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Landlords have a legal responsibility to ensure the health and safety of their tenants by keeping property safe and free from health hazards.
What is a landlord?
Anyone who rents out a property (or even just a room) they own for a period of less than 7-years in duration. The following list is not exhaustive, but landlords include:
- local authorities,
- housing associations,
- private sector landlords,
- housing co-operatives,
The Health & Safety Executive [HSE] provide advice on their website in respect to Legionella and landlords’ responsibilities. In a nutshell, all systems require a risk assessment in the first instance. The situation was clarified following the publication in 2013 of the fourth edition of the Health & Safety Executive’s Approved Code of Practice [ACOP] “Legionnaires’ Disease, The Control of Legionella Bacteria in Water Systems”, L8. However, while the ACOP was updated, it didn't change or alter the responsibilities placed on landlords who have always had a duty to carry out risk assessments and manage the risk from Legionella bacteria to their tenants.
The water systems in many single residential properties are simple and unlikely to represent a significant risk when used regularly. Likewise control measures are also likely to be simple without the need for convoluted ongoing interventions. The information on the Health & Safety Executive’s website states:
“The practical and proportionate application of health and safety law to landlords of domestic rental properties is that whilst there is a duty to assess the risk from exposure to Legionella to ensure the safety of their tenants, this does not require an in-depth, detailed assessment.”
All systems should be assessed but the programme of assessment should be reasonably practicable. This may mean, in the first instance, undertaking a desktop appraisal of risk to identify properties that could represent an increased risk, for example:
- properties in which the typical occupants may be of increased susceptibility to infections (e.g. sheltered housing schemes or hostels);
- larger and more complex properties and water systems (e.g. multi-dwelling units, HMOs etc.)
- features of the water system design that increase the likelihood of bacterial colonisation (e.g. the presence of hot or cold water storage tanks);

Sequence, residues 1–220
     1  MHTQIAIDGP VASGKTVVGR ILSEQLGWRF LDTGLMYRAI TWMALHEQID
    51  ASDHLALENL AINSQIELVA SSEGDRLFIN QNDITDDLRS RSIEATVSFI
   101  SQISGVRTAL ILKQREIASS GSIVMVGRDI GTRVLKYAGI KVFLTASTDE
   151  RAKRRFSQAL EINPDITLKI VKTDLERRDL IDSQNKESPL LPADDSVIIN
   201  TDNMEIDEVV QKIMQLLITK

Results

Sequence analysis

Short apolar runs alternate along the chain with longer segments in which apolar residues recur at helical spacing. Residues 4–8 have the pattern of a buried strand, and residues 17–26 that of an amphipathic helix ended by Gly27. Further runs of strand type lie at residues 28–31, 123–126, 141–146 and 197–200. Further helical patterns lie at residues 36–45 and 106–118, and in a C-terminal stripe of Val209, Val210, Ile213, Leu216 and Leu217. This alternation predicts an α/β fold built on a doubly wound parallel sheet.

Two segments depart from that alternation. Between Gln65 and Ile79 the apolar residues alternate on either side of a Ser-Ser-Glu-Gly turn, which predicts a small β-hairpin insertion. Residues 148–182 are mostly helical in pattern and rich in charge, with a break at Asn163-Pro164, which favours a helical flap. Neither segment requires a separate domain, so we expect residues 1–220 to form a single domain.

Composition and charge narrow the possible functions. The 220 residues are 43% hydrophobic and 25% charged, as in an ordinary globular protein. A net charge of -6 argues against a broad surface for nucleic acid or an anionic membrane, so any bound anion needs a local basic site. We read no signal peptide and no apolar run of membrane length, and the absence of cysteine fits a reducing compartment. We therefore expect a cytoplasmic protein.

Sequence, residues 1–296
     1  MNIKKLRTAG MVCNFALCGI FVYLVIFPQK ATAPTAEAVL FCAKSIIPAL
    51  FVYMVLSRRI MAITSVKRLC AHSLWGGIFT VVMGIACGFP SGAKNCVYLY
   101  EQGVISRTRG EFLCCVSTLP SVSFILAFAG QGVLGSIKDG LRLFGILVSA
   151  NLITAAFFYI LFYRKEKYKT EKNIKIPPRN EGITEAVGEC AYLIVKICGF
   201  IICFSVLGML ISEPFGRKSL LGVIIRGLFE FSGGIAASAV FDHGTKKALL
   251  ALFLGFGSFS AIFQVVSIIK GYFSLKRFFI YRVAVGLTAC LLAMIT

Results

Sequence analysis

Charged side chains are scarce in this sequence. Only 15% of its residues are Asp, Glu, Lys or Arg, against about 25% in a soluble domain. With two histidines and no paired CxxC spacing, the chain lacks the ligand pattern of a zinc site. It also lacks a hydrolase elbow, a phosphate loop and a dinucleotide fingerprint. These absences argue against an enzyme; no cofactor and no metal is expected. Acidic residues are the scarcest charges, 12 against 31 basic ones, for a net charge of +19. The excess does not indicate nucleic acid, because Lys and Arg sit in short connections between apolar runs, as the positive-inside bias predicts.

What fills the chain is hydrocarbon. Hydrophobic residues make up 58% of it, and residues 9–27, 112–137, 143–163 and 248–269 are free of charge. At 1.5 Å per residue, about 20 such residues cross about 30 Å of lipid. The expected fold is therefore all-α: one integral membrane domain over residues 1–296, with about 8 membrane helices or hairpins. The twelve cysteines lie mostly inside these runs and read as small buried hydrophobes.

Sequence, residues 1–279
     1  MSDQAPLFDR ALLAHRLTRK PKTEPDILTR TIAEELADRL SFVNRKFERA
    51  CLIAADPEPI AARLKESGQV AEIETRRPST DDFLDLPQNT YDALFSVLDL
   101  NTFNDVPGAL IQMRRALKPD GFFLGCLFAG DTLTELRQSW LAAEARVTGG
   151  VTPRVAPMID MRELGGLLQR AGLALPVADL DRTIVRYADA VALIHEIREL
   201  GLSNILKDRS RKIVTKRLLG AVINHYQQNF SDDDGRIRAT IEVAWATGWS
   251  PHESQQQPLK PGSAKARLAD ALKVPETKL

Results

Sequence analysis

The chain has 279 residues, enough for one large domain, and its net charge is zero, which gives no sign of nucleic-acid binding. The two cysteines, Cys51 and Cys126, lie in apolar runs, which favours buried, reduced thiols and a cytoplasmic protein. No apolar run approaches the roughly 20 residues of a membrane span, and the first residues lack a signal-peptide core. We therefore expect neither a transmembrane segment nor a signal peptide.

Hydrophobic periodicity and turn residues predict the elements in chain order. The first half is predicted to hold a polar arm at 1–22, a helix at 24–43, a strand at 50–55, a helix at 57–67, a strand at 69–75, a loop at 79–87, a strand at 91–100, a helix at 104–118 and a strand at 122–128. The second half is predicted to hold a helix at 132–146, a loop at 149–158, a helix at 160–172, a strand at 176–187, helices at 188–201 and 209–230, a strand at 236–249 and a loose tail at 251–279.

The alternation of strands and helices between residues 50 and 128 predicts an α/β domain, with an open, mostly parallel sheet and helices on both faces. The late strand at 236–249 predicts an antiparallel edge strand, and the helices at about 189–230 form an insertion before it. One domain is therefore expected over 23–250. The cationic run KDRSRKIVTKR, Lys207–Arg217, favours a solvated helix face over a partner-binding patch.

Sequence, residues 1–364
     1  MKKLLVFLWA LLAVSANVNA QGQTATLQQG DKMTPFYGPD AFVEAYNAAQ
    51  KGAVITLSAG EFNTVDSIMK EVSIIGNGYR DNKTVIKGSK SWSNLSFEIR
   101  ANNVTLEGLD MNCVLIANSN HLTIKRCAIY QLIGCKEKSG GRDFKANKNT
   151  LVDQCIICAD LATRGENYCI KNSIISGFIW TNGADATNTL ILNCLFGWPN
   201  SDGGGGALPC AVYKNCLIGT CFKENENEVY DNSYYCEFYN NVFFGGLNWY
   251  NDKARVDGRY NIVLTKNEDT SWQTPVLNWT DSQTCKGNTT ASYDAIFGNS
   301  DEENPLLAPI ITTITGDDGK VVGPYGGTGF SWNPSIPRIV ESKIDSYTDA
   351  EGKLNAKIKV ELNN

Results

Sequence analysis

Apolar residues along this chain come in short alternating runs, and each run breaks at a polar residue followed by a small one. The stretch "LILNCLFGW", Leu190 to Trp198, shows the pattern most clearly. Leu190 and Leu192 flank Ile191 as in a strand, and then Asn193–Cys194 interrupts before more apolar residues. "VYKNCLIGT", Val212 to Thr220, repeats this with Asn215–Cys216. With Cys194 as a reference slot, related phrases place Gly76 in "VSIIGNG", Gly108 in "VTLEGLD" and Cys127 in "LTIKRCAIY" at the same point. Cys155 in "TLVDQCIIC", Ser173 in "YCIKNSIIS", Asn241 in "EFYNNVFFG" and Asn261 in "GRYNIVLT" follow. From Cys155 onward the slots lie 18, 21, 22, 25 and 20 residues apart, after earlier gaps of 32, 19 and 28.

- the age of construction and/or subsequent refurbishments; this may indicate properties in which plumbing is unlikely to comply with current standards.
Of course, there may be other reasons why one property represents a higher risk than another and there is no substitute for an inspection of site water services when it comes to determining the actual risk. Risk assessment of a sample of sites can provide a representative cross-section of the properties to identify the priorities for the future programme of assessments and control measures.
Risk assessments should identify sub-standard installations and suggest how they might be removed, replaced or improved to minimise the risk. The risk assessment should also identify any control measures that are required to prevent further risk or, where prevention is not reasonably practicable, control any residual risk that may exist.
The HSE’s ACOP L8 state that:
“All systems require a risk assessment, however not all systems will require elaborate control measures. A simple risk assessment may show that the risks are low and being properly managed to comply with the law. In such cases, you may not need to take further action, but it is important to review your assessment regularly in case of any changes in your system, and specifically if there is reason to suspect it is no longer valid”; and “Other simple control measures to help control the risk of exposure to Legionella include:
- flushing out the system prior to letting the property;
- avoiding debris getting into the system (e.g. ensure the cold water tanks, where fitted, have a tight fitting lid);
- setting control parameters (e.g. setting the temperature of the hot water cylinder (calorifier) to ensure water is stored at 60°C);
- make sure any redundant pipework identified is removed;
- The risk is further lowered where instantaneous water heaters (for example combi boilers and electric showers) are installed because there is no water storage.”
Persons undertaking the control measures and any other work on the plumbing systems should be trained in the risks from Legionella bacteria and competent to undertake the work.
Advice for Tenants
The HSE also advise that “landlords should inform their tenants about the action taken to control the risk from Legionella bacteria and advise them how they should be maintained:
- Do not adjust the hot water temperature;
- Keep the showerheads and taps clean;
- Report faults with the system so that appropriate action can be taken;
- Flush the showers and taps after any period of disuse longer than one week in duration.”
All rental properties require a Legionella risk assessment. For landlords with only a small number of properties undertaking risk assessments, or commissioning them, should not be an onerous proposition. However, landlords or agents with responsibility for a large number of properties require a robust plan for the management of the risk from Legionnaires’ disease. These organisations need to make sure that property managers are competent and/or have access to competent help.
Editors Note: The information provided in this blog is correct at date of original publication - September 2018.
© Water Hygiene Centre 2019